- The Washington Times - Friday, August 23, 2002

Supporting Sri Lanka

A top U.S. diplomat's visit to a war-torn peninsula on Sri Lanka is a demonstration of American support for peace talks to end 30 years of civil war in the South Asian nation, a Sri Lankan diplomat said yesterday.

"It is very important to have U.S. support for the peace process. We need U.S. support," said Jayalatha Wijewardena, charge d'affaires at the Sri Lankan Embassy. "This is a very important visit. It is a kind of beginning."

Deputy Secretary of State Richard Armitage yesterday visited the village of Sarasalai on the Jaffna peninsula, once the territory of the Liberation Tigers of Tamil Eelam (LTTE). The government drove out the rebels in 1995, but the Tigers attempted to retake Sarasalai in 2000.

Mr. Armitage said the battle-scarred village reminded him of hamlets he saw during his combat duty in Vietnam.

"I served six years in Vietnam, and it reminds me of nothing more than the villages here. It is a keen reminder that enough is enough," he said, according to a report by Agence France-Presse.

"Let us resolve differences peacefully rather than through shot and shell. Seeing what you have seen here is all the encouragement one needs to push as forcefully as we can. The answer lies here. It is up to the government and the LTTE to resolve their differences peacefully."

A government source told the news agency that Mr. Armitage's visit to Jaffna "sends a powerful message to the LTTE."

"The U.S. supports a solution that does not break up Sri Lanka into two countries," the source said.

The LTTE has been fighting to impose an ethnic Tamil state in the north and east of the island since 1972.

Sri Lanka was Mr. Armitage's first stop on his Asian tour that includes visits to India, Pakistan, China and Japan.

Kuwait's female corps

Women still cannot vote in Kuwait, but they are making gains in the diplomatic corps.

The Kuwait Information Office in Washington recently added two women to its staff, and the Kuwaiti Embassy is expecting a woman to serve as a cultural attache.

Tehani Terkate joined the information office staff as a media attache earlier this year. Fatma Kalifa, who received a doctorate in public policy at George Washington University recently, also was appointed as a media attache.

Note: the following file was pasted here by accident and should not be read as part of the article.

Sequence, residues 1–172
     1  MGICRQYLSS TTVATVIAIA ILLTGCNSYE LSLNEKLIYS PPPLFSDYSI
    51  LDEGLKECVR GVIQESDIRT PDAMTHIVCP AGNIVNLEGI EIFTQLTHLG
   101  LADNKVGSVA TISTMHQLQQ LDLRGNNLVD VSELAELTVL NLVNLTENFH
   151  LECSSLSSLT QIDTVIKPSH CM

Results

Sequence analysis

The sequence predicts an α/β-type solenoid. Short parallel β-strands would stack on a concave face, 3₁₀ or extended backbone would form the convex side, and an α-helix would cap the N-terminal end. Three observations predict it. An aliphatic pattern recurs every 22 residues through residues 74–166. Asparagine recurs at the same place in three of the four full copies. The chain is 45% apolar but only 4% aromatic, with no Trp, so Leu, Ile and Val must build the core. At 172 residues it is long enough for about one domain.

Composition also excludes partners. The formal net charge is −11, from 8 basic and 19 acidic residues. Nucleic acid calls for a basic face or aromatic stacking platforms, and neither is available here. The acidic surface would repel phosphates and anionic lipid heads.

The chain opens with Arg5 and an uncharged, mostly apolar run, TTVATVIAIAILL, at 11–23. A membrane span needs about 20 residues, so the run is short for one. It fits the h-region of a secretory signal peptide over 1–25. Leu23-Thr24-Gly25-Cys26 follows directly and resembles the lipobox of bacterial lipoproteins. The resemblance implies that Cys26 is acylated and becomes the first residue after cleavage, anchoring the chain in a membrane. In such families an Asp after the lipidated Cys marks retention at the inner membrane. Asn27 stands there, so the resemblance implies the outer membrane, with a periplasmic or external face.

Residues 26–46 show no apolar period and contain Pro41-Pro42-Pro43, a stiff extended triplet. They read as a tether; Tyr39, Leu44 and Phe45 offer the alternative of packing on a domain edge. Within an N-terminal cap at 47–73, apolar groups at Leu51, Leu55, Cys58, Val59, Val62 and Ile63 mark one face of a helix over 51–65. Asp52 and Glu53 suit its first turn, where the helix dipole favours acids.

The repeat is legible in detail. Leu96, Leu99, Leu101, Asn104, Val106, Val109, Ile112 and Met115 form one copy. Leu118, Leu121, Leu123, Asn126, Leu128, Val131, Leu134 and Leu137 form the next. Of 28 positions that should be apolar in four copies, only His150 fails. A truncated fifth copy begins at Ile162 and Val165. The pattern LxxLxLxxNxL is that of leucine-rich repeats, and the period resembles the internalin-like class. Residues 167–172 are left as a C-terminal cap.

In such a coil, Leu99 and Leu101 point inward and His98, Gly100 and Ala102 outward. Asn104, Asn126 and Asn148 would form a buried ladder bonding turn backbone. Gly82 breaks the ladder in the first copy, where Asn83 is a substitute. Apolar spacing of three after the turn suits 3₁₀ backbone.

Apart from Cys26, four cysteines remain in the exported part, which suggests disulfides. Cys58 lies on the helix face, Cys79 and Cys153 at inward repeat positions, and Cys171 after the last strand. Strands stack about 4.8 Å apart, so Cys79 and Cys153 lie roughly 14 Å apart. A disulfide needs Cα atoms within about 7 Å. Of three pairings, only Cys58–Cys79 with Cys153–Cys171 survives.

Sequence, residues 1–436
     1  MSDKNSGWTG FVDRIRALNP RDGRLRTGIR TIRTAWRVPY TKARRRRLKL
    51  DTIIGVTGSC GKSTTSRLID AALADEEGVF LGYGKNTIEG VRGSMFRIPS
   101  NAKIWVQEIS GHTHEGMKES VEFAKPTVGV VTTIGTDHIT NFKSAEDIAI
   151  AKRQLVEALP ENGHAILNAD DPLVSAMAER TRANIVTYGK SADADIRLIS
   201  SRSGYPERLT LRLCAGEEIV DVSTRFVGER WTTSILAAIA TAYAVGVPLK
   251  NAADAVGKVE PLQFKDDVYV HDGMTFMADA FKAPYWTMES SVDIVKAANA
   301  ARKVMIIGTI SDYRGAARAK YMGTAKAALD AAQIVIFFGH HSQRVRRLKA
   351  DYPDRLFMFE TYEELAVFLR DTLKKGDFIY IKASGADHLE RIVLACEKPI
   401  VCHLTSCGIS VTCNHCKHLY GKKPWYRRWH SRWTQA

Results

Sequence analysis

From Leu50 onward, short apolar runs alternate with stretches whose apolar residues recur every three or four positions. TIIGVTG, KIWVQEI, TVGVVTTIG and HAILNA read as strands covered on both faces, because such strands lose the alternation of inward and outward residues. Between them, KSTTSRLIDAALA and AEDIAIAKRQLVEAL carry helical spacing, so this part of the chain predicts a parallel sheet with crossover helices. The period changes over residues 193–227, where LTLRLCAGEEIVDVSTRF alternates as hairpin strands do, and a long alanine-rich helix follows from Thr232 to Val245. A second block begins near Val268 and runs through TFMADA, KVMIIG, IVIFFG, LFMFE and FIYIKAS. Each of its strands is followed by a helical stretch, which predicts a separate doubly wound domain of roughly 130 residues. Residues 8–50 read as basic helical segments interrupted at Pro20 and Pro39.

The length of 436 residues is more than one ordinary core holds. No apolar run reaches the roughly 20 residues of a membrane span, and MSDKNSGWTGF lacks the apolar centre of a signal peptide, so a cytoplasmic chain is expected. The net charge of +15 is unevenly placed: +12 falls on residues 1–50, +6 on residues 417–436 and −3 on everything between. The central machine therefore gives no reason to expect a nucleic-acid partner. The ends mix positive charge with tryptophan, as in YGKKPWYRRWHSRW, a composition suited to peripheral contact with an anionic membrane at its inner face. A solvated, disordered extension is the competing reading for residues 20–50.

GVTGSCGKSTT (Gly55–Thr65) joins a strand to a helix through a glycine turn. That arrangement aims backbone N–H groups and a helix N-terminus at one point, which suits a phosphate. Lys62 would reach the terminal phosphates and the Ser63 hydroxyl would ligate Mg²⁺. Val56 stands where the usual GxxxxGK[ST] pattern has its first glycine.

She previously taught at Kuwait University's School of Administrative Sciences and was a consultant to the Kuwaiti government on communications matters.

"In Kuwait, the executive branch of government has traditionally been the progressive force in society that expanded the role of women in the work place and public square," she said.

Tareq Mezrem, the information office director, added, "We're excited to have someone of Fatma's background and caliber on our team."

Mission to Ethiopia

Two U.S. senators visited the prime minister of Ethiopia this week to discuss the country's efforts to support the war against terrorism.

Richard C. Shelby, Alabama Republican and vice chairman of the Select Committee on Intelligence, and Arlen Specter, Pennsylvania Republican, met Prime Minister Meles Zenawi on Monday, the government-owned Ethiopian Herald reported.

They told the newspaper that their visit was part of a "move to fight international terrorism in Africa" and that their talks with Mr. Meles were "positive."

Mr. Meles called on the senators to support efforts to open the U.S. market to more products than those covered by the African Growth and Opportunity Act.

The U.S. Embassy in Addis Ababa said Mr. Shelby and Mr. Specter stopped in Ethiopia on a fact-finding mission that will also include visits to South Africa, Mauritius, Kenya and Sudan.

German vote counting

The German Embassy has invited guests to attend a reception to watch the results of the Sept. 22 German parliamentary election, but Embassy Row hopes the invitation does not foretell political disaster.

It has an illustration of a ballot that looks like that pesky Florida punch card of the 2000 presidential election.

The invitation even includes a familiar photo of that Florida vote counter, holding his glasses on his forehead and trying to divine the hanging or dimpled chads on an election ballot.

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